Survey results from European insiders highlight challenges and opportunities for HRO across the globe.
by Yvette Cameron
What’s bugging the Europeans? Apparently many of same things that have been plaguing the Americans. Last fall the European chapter of the Human Resources Outsourcing Association (HROA Europe) coordinated a targeted research project1 across about 35 influential industry insiders (advisors, buyers, and service providers) to explore some of the successes and challenges associated with large-scale HRO in Europe. Several broad themes were revealed, three of which are introduced below. While European-specific challenges were cited within each area, the resulting focus areas for improved HRO are decidedly global in nature.
Adopt greater levels of standardization. There is a clear preference among buyers to move away from the risks of the old “lift and shift” mentality to reliance upon provider-driven technology choices. Buyers indicated, however, that these technology choices must ensure strong use of standards: standard deployments, standard business processes, and deployment of best practices.
In one example, a buyer expressed his concern that cost reductions from labor arbitrage (offshoring) would not be sustainable because the provider had thrown resources at processes that were neither standardized nor optimized. (And in fact, doesn’t the recent Satyam implosion point out the risks of relying solely on labor arbitrage for cost
reductions?) Standardization doesn’t mean one size fits all, however. Many surveyed buyers cited a desire to conduct business with HRO providers who leveraged technology and resources to enable global practices and business insights while meeting the local requirements and common practices of many smaller countries.
For their part, it was clear that service providers have been reaping the lessons of the past, enforcing more standardized approaches to ensure scalability and repeatability and developing more standardized platforms. (TCS, for example, has launched a BPO platform division and is building a standardized global HR and payroll platform.) Buyers recognized that changes to their own processes are necessary to achieve the desired results. Said one buyer: “Sometimes we think technology will help solve all of our HR evils, but it’s not true. If we have fundamentally wrong processes from the start, and we’re trying to adapt technology to our wrong processes, then we will fail regardless of technology or service delivery approach.”
Create more realistic business cases. The survey revealed a fundamental challenge in measuring the success of HRO initiatives: HR baselines are often wrong, sometimes significantly. Buyers need to understand the current baseline of the services they’re outsourcing, not just the people costs but the total current costs of the function including desktop costs and third-party supplier costs. Buyers also need a perspective on current quality as well as a view of future requirements. Research revealed the following on baselines:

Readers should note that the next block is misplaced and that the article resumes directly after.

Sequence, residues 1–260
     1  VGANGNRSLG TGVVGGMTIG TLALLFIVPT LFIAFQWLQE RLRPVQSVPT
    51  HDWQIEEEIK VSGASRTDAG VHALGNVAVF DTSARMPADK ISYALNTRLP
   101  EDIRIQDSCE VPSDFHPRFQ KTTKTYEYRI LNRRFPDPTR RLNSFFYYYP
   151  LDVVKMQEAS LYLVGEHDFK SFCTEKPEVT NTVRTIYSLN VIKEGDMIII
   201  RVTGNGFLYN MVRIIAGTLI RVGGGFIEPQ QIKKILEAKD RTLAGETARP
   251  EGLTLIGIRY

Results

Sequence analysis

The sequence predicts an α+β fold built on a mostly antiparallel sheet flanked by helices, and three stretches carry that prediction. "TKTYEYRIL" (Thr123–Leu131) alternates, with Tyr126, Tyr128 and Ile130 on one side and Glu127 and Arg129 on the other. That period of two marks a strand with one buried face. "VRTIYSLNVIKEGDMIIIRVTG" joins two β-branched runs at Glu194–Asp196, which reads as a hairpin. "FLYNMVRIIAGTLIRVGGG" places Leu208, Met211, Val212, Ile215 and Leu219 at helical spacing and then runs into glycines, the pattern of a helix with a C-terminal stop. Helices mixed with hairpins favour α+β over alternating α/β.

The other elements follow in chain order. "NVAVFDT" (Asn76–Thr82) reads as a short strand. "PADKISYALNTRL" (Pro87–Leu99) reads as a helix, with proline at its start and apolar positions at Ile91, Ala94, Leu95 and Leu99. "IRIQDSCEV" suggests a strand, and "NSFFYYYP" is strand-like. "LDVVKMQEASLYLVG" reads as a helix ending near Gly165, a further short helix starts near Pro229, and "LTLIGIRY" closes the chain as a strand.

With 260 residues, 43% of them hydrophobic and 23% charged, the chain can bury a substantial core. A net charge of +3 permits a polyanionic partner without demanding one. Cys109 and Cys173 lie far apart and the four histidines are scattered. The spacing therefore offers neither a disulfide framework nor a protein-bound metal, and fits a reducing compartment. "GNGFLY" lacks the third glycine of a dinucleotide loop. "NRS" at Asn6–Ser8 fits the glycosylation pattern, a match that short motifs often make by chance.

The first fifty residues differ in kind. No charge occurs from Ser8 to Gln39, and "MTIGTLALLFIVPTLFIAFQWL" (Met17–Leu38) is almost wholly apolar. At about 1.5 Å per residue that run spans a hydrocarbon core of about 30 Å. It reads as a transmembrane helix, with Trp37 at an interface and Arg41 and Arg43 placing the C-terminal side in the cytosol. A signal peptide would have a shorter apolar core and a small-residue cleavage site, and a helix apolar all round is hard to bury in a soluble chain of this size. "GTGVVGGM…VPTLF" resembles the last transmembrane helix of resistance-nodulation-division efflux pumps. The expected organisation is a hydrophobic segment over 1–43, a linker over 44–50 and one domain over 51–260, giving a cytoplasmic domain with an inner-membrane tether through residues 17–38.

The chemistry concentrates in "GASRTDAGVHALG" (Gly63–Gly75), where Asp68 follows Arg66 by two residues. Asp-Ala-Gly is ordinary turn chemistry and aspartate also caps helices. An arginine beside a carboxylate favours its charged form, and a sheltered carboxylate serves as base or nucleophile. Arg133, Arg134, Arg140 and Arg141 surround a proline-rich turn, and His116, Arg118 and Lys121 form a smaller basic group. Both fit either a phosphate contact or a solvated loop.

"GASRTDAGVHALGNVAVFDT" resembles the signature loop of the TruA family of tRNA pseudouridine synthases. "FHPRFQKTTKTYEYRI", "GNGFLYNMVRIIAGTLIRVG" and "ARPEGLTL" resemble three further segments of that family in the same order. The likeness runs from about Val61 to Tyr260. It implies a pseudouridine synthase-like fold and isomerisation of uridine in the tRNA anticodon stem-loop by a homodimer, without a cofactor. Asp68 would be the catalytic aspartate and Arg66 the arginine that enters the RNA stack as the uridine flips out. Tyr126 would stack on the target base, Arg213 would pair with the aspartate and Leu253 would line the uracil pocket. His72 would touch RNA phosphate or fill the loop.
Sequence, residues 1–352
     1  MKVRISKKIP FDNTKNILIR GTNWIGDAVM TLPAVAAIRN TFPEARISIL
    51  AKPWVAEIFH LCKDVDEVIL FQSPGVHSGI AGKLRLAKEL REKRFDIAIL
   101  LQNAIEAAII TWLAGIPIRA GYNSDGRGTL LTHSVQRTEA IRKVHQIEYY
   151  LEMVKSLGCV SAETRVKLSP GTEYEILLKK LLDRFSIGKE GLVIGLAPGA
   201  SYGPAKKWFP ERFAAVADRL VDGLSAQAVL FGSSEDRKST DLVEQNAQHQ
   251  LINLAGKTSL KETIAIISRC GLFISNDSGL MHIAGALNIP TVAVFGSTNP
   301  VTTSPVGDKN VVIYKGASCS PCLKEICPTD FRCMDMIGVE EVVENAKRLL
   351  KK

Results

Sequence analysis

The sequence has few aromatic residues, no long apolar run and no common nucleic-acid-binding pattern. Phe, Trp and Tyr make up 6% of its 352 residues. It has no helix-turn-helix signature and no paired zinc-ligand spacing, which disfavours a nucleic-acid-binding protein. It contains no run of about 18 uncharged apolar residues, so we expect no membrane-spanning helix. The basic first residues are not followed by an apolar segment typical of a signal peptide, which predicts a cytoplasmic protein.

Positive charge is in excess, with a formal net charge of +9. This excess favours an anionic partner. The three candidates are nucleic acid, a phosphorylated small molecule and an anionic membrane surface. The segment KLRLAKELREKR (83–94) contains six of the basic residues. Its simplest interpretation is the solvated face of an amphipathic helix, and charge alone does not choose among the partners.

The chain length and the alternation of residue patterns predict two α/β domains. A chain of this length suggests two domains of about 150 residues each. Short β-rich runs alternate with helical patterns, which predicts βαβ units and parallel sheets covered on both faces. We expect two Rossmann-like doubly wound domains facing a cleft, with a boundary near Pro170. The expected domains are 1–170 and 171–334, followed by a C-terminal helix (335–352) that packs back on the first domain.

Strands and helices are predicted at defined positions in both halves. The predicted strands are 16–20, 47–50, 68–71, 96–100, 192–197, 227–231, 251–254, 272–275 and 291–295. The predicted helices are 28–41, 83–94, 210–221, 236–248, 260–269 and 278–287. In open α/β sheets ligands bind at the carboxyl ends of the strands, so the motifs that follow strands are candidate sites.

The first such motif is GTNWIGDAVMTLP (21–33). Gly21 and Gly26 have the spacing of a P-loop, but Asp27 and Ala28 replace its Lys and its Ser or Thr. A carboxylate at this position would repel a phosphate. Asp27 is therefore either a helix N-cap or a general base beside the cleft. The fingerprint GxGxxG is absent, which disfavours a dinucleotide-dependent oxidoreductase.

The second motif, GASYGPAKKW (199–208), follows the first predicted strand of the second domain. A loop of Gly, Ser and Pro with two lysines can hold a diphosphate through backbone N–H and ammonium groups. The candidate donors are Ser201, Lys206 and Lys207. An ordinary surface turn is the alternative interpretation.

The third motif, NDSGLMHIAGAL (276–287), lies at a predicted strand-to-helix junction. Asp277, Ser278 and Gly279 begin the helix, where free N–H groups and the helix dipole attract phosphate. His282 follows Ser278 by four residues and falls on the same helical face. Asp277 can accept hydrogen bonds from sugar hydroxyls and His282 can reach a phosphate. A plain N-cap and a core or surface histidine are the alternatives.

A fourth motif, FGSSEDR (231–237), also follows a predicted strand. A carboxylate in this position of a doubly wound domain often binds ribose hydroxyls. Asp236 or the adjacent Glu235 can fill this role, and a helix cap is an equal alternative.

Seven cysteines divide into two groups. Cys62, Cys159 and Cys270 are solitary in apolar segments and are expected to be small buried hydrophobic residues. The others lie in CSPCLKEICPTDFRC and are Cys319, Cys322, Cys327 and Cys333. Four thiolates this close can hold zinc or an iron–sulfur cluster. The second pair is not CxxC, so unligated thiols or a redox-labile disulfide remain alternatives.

- Service providers consistently had a worse perspective on a business case than did the customer;
- While on average the baseline accuracy is within +/- 10 percent, in some countries it varied by more than 25 percent;
- Accuracy depends on process maturity. Accuracy in areas such as payroll is generally within +/- 5 to 10 percent, while others such as recruiting and learning experience can have a deviation of 25 percent or more.
With very few exceptions, advisors, buyers, and providers indicated that internal HR measures were anecdotal, error-prone, or nonexistent—adding greater risk to the business case.
Take more care with service level agreements (SLAs) and governance. Drilling down with both buyers and service providers, we found tremendous efficiencies in SLAs but also significant concern over whether the right things were measured. It is evident that governance shouldn’t be about just looking at last months’ service levels—greens and reds. There is a place for that, but the relationship must be much more dynamic. It should focus on continuous improvement and where to go next. It’s here that the technology vendor should be engaged to keep the “what’s feasible” conversation in the forefront.
Partnering for the future. Overall, participants shared the same sentiment: relationships win the game. All stakeholders indicated that a commitment to partnership—working collaboratively in a true business partnership rather than the typical client/vendor (or master/slave!) contractual engagement—is a key to long-term success.
1This research was carried out on behalf of the HROA by members from SAP and PA Consulting Group. Results from the survey referenced in this article will be available from www.hroaeurope.com or www.hroassociation.org in early 2009.